“I was doing promos for films since 1995 and in ’97, I met Ramgopal Varma to do the promos of his under-production film ‘Daud’. We really bonded on that film and he liked the way I cut his promos. He was fascinated by the non-linear editing I was doing on Avid and I was fascinated with how he was editing ‘Daud’ on Steinback. One day I gave him some suggestions for his film edit and while dropping me home in his car, he offered me ‘Satya’. Just like that”! Apurva exclaims.
With ‘Shahid’, you were editing simultaneously even as the film was being shot. Does this make the process easier, or were there scenes when you felt it would have been better had you retained more than cut?
Apurva makes some fresh and surprising disclosures here. “This happened during ‘Satya’ too, where I was an assistant director as well”, he says. “The process was magical; we would hit upon something on the edit and Ramuji would use that to change something on set the next day. That film did not have a bound script. It was being shot very organically. Anurag and Saurabh were writing on set. Maybe that’s why it has such a spontaneous energy.
“For ‘Shahid’, Hansal would shoot a few days and then go around trying to organise funds for the next schedule. We had to keep the fires burning while the shooting was halted. So we put a lot of passion into the edit, in finding newer, more economical ways of telling the story. This is probably why we found a very fresh grammar for the film and it did so well”.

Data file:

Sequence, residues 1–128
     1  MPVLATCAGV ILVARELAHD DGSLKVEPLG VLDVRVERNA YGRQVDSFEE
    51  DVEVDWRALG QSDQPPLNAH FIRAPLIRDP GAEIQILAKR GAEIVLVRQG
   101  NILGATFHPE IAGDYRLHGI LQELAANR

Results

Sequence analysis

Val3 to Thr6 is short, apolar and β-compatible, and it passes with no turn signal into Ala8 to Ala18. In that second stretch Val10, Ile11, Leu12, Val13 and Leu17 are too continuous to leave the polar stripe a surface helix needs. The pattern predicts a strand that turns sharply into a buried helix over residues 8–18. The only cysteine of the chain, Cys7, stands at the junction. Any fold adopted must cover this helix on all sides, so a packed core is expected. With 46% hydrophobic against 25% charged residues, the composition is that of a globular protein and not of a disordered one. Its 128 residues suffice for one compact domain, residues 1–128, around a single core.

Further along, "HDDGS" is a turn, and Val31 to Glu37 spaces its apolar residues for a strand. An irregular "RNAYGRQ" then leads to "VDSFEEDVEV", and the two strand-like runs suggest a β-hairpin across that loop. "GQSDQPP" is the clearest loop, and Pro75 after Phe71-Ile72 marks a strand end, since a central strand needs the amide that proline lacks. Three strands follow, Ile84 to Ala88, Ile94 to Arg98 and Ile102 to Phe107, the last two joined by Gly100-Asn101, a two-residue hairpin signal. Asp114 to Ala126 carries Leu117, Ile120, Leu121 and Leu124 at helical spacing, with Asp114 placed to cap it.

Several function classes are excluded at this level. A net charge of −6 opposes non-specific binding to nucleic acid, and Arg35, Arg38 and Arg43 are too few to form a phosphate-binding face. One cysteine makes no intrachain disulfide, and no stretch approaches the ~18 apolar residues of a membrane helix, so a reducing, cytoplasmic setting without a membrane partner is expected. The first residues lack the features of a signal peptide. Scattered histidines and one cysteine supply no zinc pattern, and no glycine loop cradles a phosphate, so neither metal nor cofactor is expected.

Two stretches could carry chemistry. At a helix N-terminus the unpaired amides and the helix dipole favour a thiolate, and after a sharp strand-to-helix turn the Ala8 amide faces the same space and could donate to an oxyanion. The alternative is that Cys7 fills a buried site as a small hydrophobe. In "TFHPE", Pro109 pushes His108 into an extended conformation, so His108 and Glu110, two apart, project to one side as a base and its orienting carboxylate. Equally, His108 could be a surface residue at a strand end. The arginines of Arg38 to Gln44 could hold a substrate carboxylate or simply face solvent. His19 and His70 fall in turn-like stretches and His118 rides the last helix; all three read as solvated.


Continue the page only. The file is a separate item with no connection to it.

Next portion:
I’m certain you’ve heard this many times before, so here goes again: ‘Aligarh’. Apart from Manoj Bajpayee’s empathetic emoting, the script written by you – and of course, based on a real life persona - lent itself a nuance of sensitivity, of gentleness. How much of your own personal experiences and emotions were reflected in scenes in this movie?
“Thank you for your kind words”, Apurva blushes. “’Aligarh’ has been my most personal work yet. It is the film that found me my voice and for this I will be eternally grateful to Hansal. He just knew that I would be the right person to write it and I was able to release so many stories that were muffled in my subconscious. For years we have ignored the rights of gay people, we have allowed for them to be ostracised, to be bullied, to die lonely. I always felt like it wasn't a fair world because my heterosexual friends enjoyed dates, fell in love, shared their love stories, had the blessings of parents and society, but people like me had to hide our very identity and expression.
To add insult to injury, most films portrayed gay men to be such buffoons, as men without souls or beating hearts”, he avers fervently. “’Aligarh’ was that opportunity to change the imagery. When my friend Manoj Bajpayee came on board to play Siras, our protagonist, I knew that we would touch hearts. Little nuances, like the inner world of gay people, our music, our melancholy, the humour, the fears, the intimacy, the gentleness… I was able to write them down and then Manoj and Hansal did the rest of the magic”.